Maybe I'm just not enough of an academic to appreciate this book. Or maybe the books that win awards (much like movies) just plain shouldn't win. Normally I would have quit reading this one about 1/3 of the way in. Since it won the Man/Booker Prize I forged ahead only to see what the fuss was about, even though I was pretty sure it was much ado about nothing.
In brief, a family gathers to bury their brother, and the narrator Veronica seems to be devoid of emotion. She alludes several times to her awkward emotional state resulting from an earlier trauma. Their family history fades in and out of the present story (often) and the reader waits for the big reveal. (It's totally predictable and comes halfway through the book). After slogging through all the heavy handed prose and unlikeable characters I was holding out hope that there would be a payoff of some kind at the end. I guess I'm a reading optimist.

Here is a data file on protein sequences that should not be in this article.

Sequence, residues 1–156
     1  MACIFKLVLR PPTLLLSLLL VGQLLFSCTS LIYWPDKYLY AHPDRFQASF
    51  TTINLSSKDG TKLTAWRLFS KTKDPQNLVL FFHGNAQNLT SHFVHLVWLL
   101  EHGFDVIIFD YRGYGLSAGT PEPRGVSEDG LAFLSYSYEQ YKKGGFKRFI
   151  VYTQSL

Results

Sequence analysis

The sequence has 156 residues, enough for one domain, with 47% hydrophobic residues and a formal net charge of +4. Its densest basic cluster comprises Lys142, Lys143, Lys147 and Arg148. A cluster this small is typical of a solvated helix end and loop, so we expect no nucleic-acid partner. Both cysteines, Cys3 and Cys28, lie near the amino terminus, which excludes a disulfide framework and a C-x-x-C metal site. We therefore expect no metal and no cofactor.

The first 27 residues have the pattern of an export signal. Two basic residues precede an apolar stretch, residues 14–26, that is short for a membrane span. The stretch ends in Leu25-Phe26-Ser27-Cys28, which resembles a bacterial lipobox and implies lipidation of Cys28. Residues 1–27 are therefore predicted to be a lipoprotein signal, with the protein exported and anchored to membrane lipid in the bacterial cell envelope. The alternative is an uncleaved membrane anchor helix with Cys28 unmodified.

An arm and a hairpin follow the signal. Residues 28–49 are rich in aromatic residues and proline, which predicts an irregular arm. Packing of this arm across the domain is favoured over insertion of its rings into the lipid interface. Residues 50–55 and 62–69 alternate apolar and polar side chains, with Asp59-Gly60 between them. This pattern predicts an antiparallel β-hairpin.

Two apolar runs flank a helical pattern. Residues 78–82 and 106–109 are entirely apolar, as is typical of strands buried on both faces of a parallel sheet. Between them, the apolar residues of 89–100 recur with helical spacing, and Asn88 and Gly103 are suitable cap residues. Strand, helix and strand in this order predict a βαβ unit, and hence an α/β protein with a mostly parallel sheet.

As I was preparing this post, I saw this on shelf life's blog. She says it much better than I could. I only differ in that I'm not sure I would read this author again, she won't be my next Ian McEwan.